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Ukraine

FSD’s programme in Ukraine started in 2015. Initially active in the Donbass region, our team has expanded to meet the considerable needs of the ongoing war. Since August 2022, our deminers have been locating and clearing mines and explosive remnants of war in the provinces of Chernihiv and Kharkiv. In parallel, we are stepping up our risk education campaigns to teach safe behaviour to people living in contaminated areas and thus prevent accidents.

Emergency demining teams in Ukraine

These deminers are inspecting a field in Chernihiv Oblast (Ukraine, 2022)

Around one hundred FSD personnel are working in the provinces of Chernihiv and Kharkiv

December 2022 / The fighting in Ukraine has left behind hundreds of thousands of anti-personnel mines, anti-vehicle mines and unexploded or abandoned munitions. According to Ukrainian authorities, almost a third of the country is contaminated. These dangerous remnants of war not only threaten the lives of civilians, but also obstruct humanitarian efforts, hamper reconstruction and prevent farmers from accessing their fields.

As a response to this acute crisis, FSD set up a new operational base in Chernhiv and doubled its workforce. forty-two new deminers were recruited among the local civilian population and have been trained by our experts.

In November 2022, the security situation allowed FSD to deploy several teams to Izum, in Kharkiv Oblast, a city that had been occupied for six months and was heavily littered with explosive ordnance. Hundreds of explosive devices have already been located and neutralized by our teams.

To date, the FSD has a total of eight specialised battlefield clearance teams, three mechanical clearance teams, three non-technical survey teams and four risk education teams.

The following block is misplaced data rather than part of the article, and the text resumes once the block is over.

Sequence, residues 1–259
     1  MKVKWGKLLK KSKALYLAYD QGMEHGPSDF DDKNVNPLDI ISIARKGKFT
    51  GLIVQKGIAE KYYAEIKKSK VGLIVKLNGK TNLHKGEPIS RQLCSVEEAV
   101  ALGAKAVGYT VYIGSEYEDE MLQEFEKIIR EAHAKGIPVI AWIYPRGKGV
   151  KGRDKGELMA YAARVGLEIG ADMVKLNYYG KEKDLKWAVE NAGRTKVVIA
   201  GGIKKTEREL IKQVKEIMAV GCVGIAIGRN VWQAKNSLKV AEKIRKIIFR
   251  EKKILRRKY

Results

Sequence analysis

The role of the non-technical survey teams is to assess the extent of contaminated areas and to map them. These teams meet with the local population and use all available sources to locate the most contaminated areas and identify the most urgent areas to be cleared.

Explosive ordnance risk education campaigns are essential to help civilians live in relative safety with this ongoing threat. These are conducted face-to-face in local communities and online via social networks to reach as many people as possible.

Centimetres after centimentres

In 2021, our deminers have cleared 8.5 km², an area equivalent to half of Geneva. This work requires constant concentration despite the sometimes extreme working conditions.

In Izioum, the fighting has destroyed most of the civilian infrastructure. Here we find hundreds of explosive devices every day.

Olexandr Marchenko

Ukrainian FSD deminer

Olexandr Marchenko FSD

News from Ukraine

Prevent a civilian from getting killed or maimed. Donate today

Help us prevent mine accidents

The ongoing conflict in Ukraine is littering cities and farmland with massive amounts of unexploded ordnance. Every contribution, regardless of the amount, helps us rid the country of these lethal remnants of war.

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OUR TEAMS IN THE PROVINCE OF CHERNIHIV

CNN reporters joined one of FSD’s emergency teams clearing land from mines and dangerous unexploded ordnance in Chernihiv, Ukraine.
Ukraine: After the explosion of an ammunition storage area, time has come to begin clearance activities.

Clearing mines after an explosion